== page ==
New York Mess

092807 koblinweb New York MessWith the Mets’s 3-0 loss to the Cardinals last night, squandering the last vestige of what had been a seven-game lead over the Phillies with 17 to play, what lies ahead now is a free-for-all: three days, five teams—New York, Philadelphia, Arizona, San Diego and Colorado, separated by two games, fighting for three playoff spots.

Nobody in the National League has clinched a playoff berth—the Mets can still finish either out of the money or with the league’s best record. An unprecedented five teams could finish in a tie.

New York can no longer guarantee itself a postseason spot simply by winning the rest of its regular season games. The Mets can sweep the series this weekend, and if the Phillies follow suit, the two teams meet in a one-game playoff at Citizen’s Bank Park. The only rested arms will be those of the neophytes Mike Pelfrey and Philip Humber.

The Philadelphia Phillies are 87-72, same as the Mets, and hold the season series advantage, 12-6. Should both teams tie, while holding better records than any other second-place NL team, the Phillies would be National League East champs, and the Mets would get the wild card. But as it stands now, the two teams trail wild-card leader San Diego by one game, and are tied with Colorado.

The Mets, obviously, need to figure out a way to turn things around between Friday and Sunday. The rest, for them, depends on what happens elsewhere.

Philadelphia plays at home for the final three games against the Nationals. Washington sends out Tim Redding, Matt Chico and Jason Bergmann, all of whom are legitimate major league pitchers. Philadelphia counters with ace Cole Hamels, who has dominated when healthy (but hasn’t been for more than a month), Adam Eaton and his 6.36 ERA, and 44-year-old Jaime Moyer and his 5.15 ERA. But Philadelphia’s healthy offense and leaky bullpen makes any starting matchups mere prologue to the real battles later on.

Mets fans will have to hope that Redding and Bergmann build on their late-season success, and Washington gets a lead—the bullpen is not that of a fourth-place team. They’ll also have to hope that Philadelphia manager Charlie Manuel’s use of his three best bullpen arms—Tom Gordon has pitched in 10 of 12 games, J.C. Romero and Brett Myers have pitched in 11 of 12—comes back to haunt Philadelphia this weekend.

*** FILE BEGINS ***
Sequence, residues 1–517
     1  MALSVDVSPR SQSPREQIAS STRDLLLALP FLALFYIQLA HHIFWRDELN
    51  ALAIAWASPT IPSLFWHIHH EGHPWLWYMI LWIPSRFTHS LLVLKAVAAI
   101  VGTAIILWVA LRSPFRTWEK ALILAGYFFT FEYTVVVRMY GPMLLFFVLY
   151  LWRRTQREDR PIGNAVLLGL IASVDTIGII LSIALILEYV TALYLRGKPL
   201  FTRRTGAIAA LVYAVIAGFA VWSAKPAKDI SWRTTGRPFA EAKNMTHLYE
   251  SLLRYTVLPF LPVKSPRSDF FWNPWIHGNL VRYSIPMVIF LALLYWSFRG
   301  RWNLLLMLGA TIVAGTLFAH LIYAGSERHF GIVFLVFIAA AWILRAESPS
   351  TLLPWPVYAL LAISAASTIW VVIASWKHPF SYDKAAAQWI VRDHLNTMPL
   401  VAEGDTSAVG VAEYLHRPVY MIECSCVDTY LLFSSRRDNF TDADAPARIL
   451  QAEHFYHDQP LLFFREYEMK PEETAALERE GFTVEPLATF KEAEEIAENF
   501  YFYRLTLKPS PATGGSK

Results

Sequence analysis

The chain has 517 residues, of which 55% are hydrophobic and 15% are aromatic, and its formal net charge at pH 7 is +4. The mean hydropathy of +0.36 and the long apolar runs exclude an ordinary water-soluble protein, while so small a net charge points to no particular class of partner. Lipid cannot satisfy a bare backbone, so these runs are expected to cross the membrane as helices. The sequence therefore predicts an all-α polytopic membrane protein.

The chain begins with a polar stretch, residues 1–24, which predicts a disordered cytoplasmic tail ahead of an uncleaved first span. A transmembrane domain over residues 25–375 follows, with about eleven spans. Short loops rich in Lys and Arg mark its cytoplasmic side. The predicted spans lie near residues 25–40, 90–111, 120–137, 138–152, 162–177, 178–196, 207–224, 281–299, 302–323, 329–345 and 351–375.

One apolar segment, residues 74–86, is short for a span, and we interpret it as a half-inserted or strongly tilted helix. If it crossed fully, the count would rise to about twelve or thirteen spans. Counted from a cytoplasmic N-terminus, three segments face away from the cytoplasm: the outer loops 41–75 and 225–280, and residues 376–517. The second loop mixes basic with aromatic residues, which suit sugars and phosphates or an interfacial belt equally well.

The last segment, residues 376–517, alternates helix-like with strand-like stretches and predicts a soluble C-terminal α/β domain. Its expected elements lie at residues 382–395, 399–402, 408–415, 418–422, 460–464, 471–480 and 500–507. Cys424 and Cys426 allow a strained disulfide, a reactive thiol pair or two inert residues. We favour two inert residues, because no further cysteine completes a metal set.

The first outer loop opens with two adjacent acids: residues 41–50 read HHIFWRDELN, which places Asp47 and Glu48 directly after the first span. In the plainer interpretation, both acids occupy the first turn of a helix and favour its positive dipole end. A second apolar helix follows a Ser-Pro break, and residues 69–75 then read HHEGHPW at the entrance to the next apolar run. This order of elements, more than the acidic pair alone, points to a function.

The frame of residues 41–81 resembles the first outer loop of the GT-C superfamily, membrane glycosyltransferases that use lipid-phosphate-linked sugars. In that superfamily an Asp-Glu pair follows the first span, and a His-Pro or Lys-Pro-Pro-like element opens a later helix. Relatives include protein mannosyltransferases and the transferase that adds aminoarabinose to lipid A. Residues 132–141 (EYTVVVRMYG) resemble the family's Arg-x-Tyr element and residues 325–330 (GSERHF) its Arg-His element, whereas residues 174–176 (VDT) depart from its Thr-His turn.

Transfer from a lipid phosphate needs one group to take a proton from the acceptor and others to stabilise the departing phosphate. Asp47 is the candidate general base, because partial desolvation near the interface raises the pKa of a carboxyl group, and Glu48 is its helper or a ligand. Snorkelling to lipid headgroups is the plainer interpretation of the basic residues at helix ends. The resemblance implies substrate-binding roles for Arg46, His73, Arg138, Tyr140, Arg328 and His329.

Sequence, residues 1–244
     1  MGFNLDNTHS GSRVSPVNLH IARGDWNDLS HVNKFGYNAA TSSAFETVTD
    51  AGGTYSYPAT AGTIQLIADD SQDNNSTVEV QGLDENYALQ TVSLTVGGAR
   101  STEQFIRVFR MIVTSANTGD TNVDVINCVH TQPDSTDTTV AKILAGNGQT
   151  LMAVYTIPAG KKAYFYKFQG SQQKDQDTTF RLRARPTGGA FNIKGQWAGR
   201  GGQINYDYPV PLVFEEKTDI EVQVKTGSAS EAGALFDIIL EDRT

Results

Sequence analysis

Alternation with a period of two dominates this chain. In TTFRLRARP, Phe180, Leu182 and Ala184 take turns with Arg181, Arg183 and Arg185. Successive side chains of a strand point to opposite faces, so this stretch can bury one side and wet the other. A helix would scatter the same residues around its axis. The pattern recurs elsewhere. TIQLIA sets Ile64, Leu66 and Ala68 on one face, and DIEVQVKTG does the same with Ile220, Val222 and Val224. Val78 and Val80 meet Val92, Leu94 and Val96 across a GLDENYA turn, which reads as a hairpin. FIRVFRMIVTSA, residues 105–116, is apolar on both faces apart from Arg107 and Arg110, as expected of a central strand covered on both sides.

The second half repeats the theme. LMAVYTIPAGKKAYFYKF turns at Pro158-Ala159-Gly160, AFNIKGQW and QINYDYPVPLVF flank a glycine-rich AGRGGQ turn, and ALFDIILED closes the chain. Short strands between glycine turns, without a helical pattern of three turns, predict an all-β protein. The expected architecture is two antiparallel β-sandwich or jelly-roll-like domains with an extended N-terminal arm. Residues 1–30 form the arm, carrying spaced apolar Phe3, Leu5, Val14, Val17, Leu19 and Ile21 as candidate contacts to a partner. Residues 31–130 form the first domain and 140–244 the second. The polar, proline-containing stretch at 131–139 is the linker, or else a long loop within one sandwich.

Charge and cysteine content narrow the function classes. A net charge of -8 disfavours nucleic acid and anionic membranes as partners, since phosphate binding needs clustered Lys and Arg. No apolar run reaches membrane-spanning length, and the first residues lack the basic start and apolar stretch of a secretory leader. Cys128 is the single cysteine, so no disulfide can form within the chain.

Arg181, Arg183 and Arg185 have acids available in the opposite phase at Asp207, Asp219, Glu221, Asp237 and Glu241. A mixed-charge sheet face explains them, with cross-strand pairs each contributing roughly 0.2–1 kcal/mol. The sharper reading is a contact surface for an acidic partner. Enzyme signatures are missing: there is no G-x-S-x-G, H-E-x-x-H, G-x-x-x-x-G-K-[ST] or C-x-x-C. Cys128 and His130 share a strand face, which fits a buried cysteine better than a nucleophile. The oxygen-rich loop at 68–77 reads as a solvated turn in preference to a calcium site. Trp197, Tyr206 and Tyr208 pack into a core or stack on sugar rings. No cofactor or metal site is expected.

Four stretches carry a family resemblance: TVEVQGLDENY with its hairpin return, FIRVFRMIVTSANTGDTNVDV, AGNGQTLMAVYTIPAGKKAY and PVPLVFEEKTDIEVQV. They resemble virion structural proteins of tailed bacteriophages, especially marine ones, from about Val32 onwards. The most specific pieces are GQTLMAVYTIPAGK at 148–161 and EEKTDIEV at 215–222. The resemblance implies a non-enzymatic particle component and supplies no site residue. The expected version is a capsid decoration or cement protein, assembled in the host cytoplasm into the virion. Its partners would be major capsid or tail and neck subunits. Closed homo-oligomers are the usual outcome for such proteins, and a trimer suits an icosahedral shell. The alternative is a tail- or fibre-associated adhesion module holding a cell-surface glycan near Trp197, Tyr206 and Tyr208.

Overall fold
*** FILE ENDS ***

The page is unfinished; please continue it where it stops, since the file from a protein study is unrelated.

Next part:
The Padres, the leaders of the wild card chase, finish the season with three in Milwaukee, but without their best hitter, Milton Bradley, who injured his knee in a bizarre incident in which he was being restrained by his manager from arguing with an umpire. The Brewers have something to play for, though losing to the Padres last night cost them a chance to draw within one game of the NL Central-leading Chicago Cubs.

Both teams will send out flawed pitchers. The Padres throw Greg Maddux, with his 6.29 ERA in September, and Saturday starter Chris Young. Sunday rests with Brett Tomko, whose 5.39 ERA shows why the Dodgers released him last month.

Milwaukee counters with Chris Capuano and Dave Bush, both of whom have ERAs over 5, followed by Jeff Suppan, who followed his dominance of the Mets in last year’s NLCS with a 4.57 ERA campaign this year.

Here, Mets fans need to hope that San Diego, which has been essentially a .500 team on the road (41-37), loses at least one to Milwaukee. If the Mets, one game behind, tie with just San Diego for the wild card, the two teams would meet Monday at Shea.

The Colorado Rockies and the Arizona Diamondbacks, meanwhile, play three games in Denver to end the season. Colorado is tied with the Mets, and two games behind Arizona for the NL West lead.

There are two outcomes in this series that could work out for the Mets. Course one, which sees the Rockies get swept by the Diamondbacks, would eliminate the Rockies from contending for the wild card spot the Mets might need, should the Phillies play well. Course two, which sees the Rockies take two of three from the Diamondbacks, would create at least a theoretical opportunity for the Mets to take possession of the NL’s best record—and home field in both the NLDS and NLCS—with a sweep of their upcoming series and a least one loss each by Philadelphia and San Diego.

Both of those teams are sending out one very good pitcher (Brandon Webb vs. Jeff Francis), one bad pitcher (Edgar Gonzalez vs. Mark Redman), and one middling pitcher (Doug Davis vs. Ubaldo Jimenez).

For the Mets, it looks like things are going to be complicated right until the end.